Nancy Sinatra has collaborated on tracks with Morrissey, Jon Spencer, Pulp’s Jarvis Cocker and Richard Hawley for To Nancy, With Love. The album pairs the Sixties icon with a generation of artists raised on her stylish pop.
The Morrissey collaboration, “Let Me Kiss You,” is being tipped for early release as a U.K. single. Morrissey, an encyclopedic Sinatra enthusiast, recorded the music and his vocal and sent it to Sinatra, who then added her own vocal. “A few of my songs have made it through the years,” says Sinatra, whose hits include “These Boots Are Made for Walkin’,” “Some Velvet Morning” (with Lee Hazlewood) and “Somethin’ Stupid” (with father, Frank), “and most of the rest bit the dust. Except with Morrissey. He seems to know and love them all. And this song is very much a Nancy/Morrissey song. It’s gorgeous and beautiful and romantic and lovely.”
According to Sinatra, the lyrics aren’t typical of a Morrissey original . . . until the kicker, when he responds to an earlier line of “Close your eyes and think of someone you physically admire” with “You open your eyes and find someone you physically despise.” “If it weren’t for him singing and playing, you wouldn’t know,” she says, “until that line. The last line gives it away.”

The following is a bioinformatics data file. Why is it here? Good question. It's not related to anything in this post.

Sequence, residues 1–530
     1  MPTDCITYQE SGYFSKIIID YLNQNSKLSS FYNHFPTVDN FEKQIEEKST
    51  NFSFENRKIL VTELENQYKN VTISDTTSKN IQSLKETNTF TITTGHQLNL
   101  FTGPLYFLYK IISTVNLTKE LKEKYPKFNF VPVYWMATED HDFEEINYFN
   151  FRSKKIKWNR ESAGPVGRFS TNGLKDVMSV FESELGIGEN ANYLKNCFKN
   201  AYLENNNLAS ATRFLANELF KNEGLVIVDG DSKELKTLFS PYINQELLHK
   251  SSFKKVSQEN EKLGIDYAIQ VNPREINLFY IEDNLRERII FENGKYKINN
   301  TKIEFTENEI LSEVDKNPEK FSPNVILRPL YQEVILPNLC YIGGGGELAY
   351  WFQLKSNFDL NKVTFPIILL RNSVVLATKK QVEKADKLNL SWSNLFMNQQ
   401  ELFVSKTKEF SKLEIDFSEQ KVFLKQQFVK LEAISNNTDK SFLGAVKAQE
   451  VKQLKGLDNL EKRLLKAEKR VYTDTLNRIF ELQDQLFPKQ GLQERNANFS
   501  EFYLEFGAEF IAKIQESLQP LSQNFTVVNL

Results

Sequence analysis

Cocker contributed two new songs to the project and also plays guitar in a backing ensemble that includes former Smithereen Dennis Diken on drums, Sonic Youth’s Jim O’Rourke on bass, and Richard Hawley and Matt Azzarto on guitars. “Both of Jarvis’ songs are very Nancy,” Sinatra says. “We just had a ball recording them.”
Blues demolitionist Jon Spencer added vocals and guitar to “Ain’t No Easy Way,” a song Sinatra recorded a few years ago. And another song, “Boss Man,” is a collaboration with U.K. production team Reno, whose previous sampling of Sinatra’s music helped provide some of the initial inspiration for the record. “Boss Man” is also the likely companion to the “Let Me Kiss You” single.
“We’ve been lucky to find some wonderful, hip musicians who say that my music has somehow influenced them,” Sinatra says. “And these artists also mean something to me; I wouldn’t be doing their songs if I didn’t appreciate their work. I can’t think of anything more flattering than to have a young person say, ‘Your music really influenced me and my life.'”
That thought inspired the album’s handle, with the guest artist on each track completing the album’s title thought: To Nancy With Love, Morrissey; To Nancy With Love, Jarvis; and so forth, also making room for To Nancy With Love, Bono. The U2 singer contributed “Two Shots of Happy, One Shot of Sad,” a tribute he initially penned for Sinatra’s late legendary father.
“Though Bono’s song was written for my dad, he sent it to me to include in this collection,” she says, “so in a way it’s still a ‘To Nancy.’ I get a little emotional when I sing it, for obvious reasons. It’s hard for me to get through the lyrics sometimes.”